Taxes and the Budget: What is Generational Accounting?
Almost all public policy decisions have some impact on generations yet unborn. We leave them official debt when we run budget deficits, and we expect them to pay for some of the government benefits that we and our predecessors have promised to the elderly and others. On the other side of the ledger, current taxpayers leave future generations with both tangible assets and a body of government-financed technological knowledge with which to generate additional wealth. And we bequeath a benefit structure that will provide them with social insurance and a public safety net, but they will have to figure out a way to either pay for it, reform it, or pass the bill along to still later generations. Generational accounting-a concept originally developed by Laurence J. Kotlikoff, Alan J. Auerbach, and Jagadeesh Gokhale-attempts to quantify the value of these net assets or liabilities transferred from generation to generation.
- The net tax rate faced by future generations is then calculated by dividing the present value of the net tax burden (taxes minus transfer payments) by the present value of expected future earnings from labor. The calculation can be made either for particular birth cohorts or for all those to be born in the future. A basic assumption is that there is no default and no free lunch-all net liabilities transferred forward must be paid for eventually.
- The present value of the burden passed forward consists of official government debt, net of assets, plus the present value of all future government purchases, plus the present value of all government payments to individuals (such as Social Security benefits) promised to those now alive, minus the present value of all the taxes that will be paid by those now alive. The calculations usually include all levels of government: federal, state, and local.
- The implied tax burden passed to the future is huge, mainly because current generations will not come close to paying for the present value of government purchases plus the benefits that they are promised, most of which go to the elderly. Medicare and Medicaid, the main public health insurance programs, pose a special problem because health care costs are growing so much faster than tax revenue.
- When the present value of the burden being passed to future generations is compared with the present value of their future labor income to arrive at a net tax rate, the calculation suggests that unborn generations will face twice the lifetime tax burden faced by those alive today.
- Generational accounting is often criticized because its calculations are based on numerous assumptions regarding a highly uncertain future. For example, health care costs must be projected to infinity. Historically, these costs have been rising 2 percentage points a year faster than incomes. That cannot continue indefinitely, or else they will eventually exceed total income. But when will their growth slow down? Medicare trustees assume that cost growth in the Hospital Insurance program (Medicare Part A) will begin to slow in about twenty-five years, eventually falling to the GDP growth rate in the early 2080s. But this assumption is completely arbitrary.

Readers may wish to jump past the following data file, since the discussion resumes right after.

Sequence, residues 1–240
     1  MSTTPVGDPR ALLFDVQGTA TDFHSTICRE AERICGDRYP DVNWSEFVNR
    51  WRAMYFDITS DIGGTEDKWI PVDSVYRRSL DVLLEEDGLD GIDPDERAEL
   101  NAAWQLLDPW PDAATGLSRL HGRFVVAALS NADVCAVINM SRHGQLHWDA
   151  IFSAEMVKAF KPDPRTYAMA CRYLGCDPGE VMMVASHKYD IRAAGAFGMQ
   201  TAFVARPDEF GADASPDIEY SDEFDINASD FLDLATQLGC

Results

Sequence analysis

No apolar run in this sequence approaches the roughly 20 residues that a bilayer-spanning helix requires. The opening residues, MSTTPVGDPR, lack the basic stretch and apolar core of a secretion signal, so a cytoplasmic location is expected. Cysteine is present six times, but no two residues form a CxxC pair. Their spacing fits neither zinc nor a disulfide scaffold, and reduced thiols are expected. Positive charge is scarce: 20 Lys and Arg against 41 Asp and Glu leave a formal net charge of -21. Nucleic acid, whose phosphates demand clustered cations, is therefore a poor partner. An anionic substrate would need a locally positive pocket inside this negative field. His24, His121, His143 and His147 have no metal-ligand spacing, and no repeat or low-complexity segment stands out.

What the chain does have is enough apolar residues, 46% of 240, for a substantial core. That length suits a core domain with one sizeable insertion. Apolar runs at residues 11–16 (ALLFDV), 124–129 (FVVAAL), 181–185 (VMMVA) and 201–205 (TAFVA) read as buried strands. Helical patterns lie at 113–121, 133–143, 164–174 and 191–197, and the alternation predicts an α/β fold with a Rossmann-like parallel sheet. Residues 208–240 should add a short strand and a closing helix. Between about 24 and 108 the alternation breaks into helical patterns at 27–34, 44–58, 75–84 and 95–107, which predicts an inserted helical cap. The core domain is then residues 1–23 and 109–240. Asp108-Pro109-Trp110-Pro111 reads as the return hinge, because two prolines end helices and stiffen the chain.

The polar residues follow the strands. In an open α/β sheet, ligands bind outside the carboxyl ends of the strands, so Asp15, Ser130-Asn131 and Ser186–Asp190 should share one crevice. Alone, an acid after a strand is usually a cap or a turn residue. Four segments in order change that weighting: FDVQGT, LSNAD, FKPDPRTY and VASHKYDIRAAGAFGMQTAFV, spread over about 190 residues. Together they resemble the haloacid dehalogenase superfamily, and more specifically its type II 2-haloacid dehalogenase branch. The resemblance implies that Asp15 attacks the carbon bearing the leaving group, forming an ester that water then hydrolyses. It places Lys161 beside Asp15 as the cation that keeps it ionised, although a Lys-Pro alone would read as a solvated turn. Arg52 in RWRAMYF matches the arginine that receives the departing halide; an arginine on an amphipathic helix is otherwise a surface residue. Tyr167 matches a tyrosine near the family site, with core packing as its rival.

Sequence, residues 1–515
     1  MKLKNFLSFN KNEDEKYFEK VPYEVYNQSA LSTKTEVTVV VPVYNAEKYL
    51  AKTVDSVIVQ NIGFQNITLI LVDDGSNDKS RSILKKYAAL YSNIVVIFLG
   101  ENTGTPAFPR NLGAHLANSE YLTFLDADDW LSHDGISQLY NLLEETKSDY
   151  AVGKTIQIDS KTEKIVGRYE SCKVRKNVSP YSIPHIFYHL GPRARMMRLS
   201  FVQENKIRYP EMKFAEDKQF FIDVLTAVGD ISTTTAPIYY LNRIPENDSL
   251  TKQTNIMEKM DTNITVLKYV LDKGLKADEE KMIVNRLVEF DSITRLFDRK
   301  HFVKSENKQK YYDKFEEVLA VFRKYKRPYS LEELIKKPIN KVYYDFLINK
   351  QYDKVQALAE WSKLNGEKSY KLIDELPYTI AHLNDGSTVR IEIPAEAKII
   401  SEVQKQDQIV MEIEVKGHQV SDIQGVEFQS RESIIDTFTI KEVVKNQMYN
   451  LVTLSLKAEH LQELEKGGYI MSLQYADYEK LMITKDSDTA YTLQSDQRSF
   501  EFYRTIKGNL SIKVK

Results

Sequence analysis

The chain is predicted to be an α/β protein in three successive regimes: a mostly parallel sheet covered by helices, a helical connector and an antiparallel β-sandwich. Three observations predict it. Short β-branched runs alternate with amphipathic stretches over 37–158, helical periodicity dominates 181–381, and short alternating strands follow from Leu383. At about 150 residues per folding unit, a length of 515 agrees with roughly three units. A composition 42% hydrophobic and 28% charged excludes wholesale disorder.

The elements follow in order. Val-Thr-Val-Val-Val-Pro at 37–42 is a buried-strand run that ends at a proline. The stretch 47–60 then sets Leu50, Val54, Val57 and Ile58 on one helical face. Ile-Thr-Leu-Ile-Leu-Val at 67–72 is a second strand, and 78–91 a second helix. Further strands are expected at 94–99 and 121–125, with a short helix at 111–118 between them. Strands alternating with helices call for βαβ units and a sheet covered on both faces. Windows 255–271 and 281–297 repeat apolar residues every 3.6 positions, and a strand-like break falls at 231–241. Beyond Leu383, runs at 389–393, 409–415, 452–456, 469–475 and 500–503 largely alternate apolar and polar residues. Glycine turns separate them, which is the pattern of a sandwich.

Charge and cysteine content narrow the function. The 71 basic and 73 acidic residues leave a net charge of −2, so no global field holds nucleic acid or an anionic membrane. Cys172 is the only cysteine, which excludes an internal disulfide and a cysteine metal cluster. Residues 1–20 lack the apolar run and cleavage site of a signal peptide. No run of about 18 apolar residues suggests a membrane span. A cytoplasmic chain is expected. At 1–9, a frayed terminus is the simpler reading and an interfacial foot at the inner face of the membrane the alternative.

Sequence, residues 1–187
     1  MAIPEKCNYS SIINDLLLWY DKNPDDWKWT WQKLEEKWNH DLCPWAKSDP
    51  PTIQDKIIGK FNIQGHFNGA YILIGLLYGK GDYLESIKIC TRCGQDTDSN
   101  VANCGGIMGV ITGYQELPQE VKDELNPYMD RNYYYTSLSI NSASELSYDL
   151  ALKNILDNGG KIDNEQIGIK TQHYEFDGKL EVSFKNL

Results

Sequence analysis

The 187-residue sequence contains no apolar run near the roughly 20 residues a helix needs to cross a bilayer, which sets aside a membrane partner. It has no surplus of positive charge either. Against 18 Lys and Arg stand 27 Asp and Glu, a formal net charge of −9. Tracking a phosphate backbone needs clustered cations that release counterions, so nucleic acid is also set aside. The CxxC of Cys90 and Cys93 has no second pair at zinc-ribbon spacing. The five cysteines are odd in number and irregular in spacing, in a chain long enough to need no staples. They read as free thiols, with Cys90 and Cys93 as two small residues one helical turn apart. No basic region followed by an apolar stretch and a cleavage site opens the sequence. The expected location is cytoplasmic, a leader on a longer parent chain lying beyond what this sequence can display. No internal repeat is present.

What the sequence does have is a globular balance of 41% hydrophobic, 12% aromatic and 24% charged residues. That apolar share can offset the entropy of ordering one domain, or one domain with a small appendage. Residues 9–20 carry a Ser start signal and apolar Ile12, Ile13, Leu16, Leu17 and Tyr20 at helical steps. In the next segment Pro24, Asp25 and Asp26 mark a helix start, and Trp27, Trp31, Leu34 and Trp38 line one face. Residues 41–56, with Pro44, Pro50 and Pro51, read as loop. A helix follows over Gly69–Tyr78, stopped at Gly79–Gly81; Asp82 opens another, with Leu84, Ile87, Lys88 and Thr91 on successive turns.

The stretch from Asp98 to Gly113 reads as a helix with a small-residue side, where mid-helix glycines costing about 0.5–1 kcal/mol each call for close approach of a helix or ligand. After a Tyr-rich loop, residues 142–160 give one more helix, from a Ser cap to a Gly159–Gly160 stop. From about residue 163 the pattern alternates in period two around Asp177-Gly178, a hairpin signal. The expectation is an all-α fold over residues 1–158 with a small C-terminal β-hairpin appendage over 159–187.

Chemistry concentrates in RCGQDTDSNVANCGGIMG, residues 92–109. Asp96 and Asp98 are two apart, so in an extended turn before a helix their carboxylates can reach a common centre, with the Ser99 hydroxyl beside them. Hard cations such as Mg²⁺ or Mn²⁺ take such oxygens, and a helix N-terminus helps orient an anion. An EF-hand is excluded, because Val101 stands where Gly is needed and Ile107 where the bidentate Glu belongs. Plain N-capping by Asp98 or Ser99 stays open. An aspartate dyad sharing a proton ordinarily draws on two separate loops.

- If growth in health care costs does not slow, the rate of growth of Medicare and Medicaid may exceed the discount rate used to compute their present value. Their present value would then be infinite. That would make generational accounting meaningless. Similarly, the discount rate used to calculate the present value of earnings must exceed the growth rate of earnings to avoid infinite values. But that implies that the present value of earnings in, say, 2050 will be lower than today’s earnings. That forces the estimate of future tax rates upward.
- The choice of a discount rate to use in computing present values is itself contentious. The arithmetic results are extremely sensitive to this choice. The calculations discussed above assume a real rate of 3.9 percent, approximately the historical rate on long-term government bonds. If we care deeply about the welfare of future generations, we may wish to use a lower discount rate. If instead we reflect on the likelihood that they will be considerably richer than us, we may wish to use a higher rate.
- Another criticism of generational accounting is that it counts only what is easily countable. In particular, it assumes that no benefits accrue to present or future generations from government purchases. Thus, for example, the "greatest generation"-the generation that won World War II-gets no credit for its contribution to the welfare of future generations. At a more mundane level, the long-run benefits of expenditures on education or research are not recorded.
- But these criticisms do not invalidate the basic point, which is that the current generation is leaving a gigantic burden to unborn generations. Whether net taxes will have to increase by 50 percent, 100 percent, or 200 percent is almost beside the point. The results are frightening no matter how one does the calculations, and they suggest that current fiscal policy is not sustainable.